Dick Wilskey stood behind Shawna for the early part of her career and was willing to continue doing it, but his daughter wanted to go out on her own. She knew if she was going to be successful, she had to run her own team.
And there were other factors. Wilskey says her dad was bothered by the danger. He saw his daughter survive a serious crash at Eldora Speedway in Ohio. Wilskey was unconscious when her dad arrived at the crash scene and she was out cold in a hospital for the next three days.
"I think that was the beginning of it ... we had always been very successful and we always had a lot of fun," she says.
In Ohio, everyone realized that fun comes with a price.
"He's still my hero," she says. "He always will be, but I wanted to take my career to the next level, and I think that was scary for dad."
But it didn't bother Shawna.
"When I decided to go out on my own, all I owned was a truck and a trailer," she says. "I sold the trailer because Ben's dad said I could borrow his. Then I figured that if I worked hard for a solid six months, I could own my own car."
By this time Rocket was building complete cars. Curtis was her chief mechanic and realized that he could build better cars than he was fixing. Wilskey came into the business with no experience, but the willingness to learn the trade.
She worked four jobs-including waiting tables, cleaning gutters, laying carpet and working at Rocket-and ate starvation rations to pay start-up costs for the operation.
"For six months I worked seven days straight. I never had a day off. I never worked less than eight hours. Every penny I made went into creating the race team. And when we first put my new car down on the ground, I had tears in my eyes."
In 1999, her first year as a team owner, she won her second Northern Sprint Tour championship.
She was on her way.
Mixing It UpWilskey had also won the $10,000 Gold Cup in Edmonton, British Columbia, in 1999 and returned the next year to defend her title. In the heat race, she passed race leader Robbie King in Turn 2, only to be tapped by King on the next corner and spun out. On the race restart, Wilskey roared from the back of the pack to lay a bumper on King's car in retaliation, then did it again at the end of the race.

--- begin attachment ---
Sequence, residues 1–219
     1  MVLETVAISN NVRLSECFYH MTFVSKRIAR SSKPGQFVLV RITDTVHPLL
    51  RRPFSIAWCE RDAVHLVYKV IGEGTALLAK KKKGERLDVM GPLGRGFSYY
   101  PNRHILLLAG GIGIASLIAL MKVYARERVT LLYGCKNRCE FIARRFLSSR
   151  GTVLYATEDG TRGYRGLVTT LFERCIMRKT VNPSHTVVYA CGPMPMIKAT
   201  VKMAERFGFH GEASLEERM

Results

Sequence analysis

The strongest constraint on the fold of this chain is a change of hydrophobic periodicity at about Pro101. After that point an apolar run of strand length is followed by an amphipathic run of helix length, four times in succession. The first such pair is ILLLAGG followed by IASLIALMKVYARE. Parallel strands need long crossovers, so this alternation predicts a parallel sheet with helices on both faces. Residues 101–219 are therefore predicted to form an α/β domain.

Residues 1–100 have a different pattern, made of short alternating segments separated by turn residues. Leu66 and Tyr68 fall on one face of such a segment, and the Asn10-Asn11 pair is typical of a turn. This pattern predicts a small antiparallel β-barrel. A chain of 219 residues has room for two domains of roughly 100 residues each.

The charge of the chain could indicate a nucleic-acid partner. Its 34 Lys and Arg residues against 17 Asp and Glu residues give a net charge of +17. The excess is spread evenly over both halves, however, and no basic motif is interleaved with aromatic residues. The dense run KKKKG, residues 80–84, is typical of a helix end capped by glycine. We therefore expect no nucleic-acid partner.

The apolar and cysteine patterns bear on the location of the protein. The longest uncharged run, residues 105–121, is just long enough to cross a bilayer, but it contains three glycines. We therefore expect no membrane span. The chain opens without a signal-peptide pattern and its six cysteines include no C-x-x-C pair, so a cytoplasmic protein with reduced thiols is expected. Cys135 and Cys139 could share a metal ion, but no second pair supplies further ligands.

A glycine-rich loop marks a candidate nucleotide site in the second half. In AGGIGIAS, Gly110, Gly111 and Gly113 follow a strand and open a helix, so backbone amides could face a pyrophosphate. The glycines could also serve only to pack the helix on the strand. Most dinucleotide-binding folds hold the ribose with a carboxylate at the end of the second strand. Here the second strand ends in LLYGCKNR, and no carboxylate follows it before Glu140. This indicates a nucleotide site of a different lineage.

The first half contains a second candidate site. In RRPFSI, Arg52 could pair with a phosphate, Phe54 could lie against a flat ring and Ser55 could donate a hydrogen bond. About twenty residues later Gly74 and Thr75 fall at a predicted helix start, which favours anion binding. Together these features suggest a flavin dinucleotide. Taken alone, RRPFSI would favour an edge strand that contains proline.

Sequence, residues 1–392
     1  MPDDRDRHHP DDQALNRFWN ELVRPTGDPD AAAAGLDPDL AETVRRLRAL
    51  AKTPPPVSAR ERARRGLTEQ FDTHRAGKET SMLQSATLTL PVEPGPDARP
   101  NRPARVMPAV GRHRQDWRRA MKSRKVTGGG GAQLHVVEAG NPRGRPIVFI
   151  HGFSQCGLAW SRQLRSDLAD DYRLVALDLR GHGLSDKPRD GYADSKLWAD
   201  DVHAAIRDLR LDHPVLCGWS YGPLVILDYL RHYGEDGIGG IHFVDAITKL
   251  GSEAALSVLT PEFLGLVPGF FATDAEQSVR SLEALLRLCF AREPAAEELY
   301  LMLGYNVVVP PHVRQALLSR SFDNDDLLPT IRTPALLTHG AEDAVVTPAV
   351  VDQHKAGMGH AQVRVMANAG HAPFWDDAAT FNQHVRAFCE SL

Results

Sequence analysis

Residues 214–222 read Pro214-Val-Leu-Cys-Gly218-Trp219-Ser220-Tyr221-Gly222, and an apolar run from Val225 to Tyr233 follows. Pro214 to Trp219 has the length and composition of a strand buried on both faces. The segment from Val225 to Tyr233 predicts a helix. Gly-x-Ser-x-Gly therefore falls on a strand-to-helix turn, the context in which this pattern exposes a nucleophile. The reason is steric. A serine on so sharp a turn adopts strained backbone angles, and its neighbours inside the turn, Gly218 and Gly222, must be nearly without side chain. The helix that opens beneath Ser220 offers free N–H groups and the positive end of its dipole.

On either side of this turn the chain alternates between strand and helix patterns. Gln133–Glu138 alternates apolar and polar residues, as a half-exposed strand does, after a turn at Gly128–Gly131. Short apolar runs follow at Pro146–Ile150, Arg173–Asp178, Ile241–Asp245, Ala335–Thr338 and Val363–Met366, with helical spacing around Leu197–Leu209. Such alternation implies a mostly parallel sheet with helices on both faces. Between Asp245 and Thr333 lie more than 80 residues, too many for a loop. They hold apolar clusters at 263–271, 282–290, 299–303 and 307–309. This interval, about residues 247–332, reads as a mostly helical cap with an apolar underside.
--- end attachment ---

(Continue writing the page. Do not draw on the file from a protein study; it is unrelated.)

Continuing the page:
After the heat, she had a face-off with King in the pits. It wasn't exactly the World Wrestling Federation, but for a weekend dirt track, it was pretty good entertainment.
"We had that race won," she says in her defense. "We knew we could repeat in 2000 if we could get a good starting position. But in that race, if you didn't transfer out of the heat, you started dead last."
So in the main the next day, she began 24th and passed 22 cars to finish second.
"I just ran out of time," she says. "That incident cost me the $10,000 purse. You bet I was mad. I'm not proud of what I did. It isn't like me. It is not the way I race. It isn't the image I want. But given the same set of circumstances, I'd do it again."
It earned her the nickname "Shot of Whiskey" among other drivers.
Among Northwest fans, she is the Steve Kinser of open wheel racing. She used to dream of the day she could race wheel-to-wheel against the "King of the Outlaws."
Wilskey worked with an agent to line up sponsorship to move up to the Outlaws. But she doesn't want a sponsor to back her just because of her gender.
"People tried to tell me that I should exploit being a woman, that I should use that, like Lyn St. James," she says. "I just never figured that as me. It just wouldn't be honest. Maybe if I had done that a few years ago, I could have gone further, but I don't think I'd be happy with myself.
"I've never been one to try to stand out in a crowd. I always figured you earn respect by what you do, not by how you were born. I guess that may hurt me, but I'm making a living now in racing, and I'm doing it my way."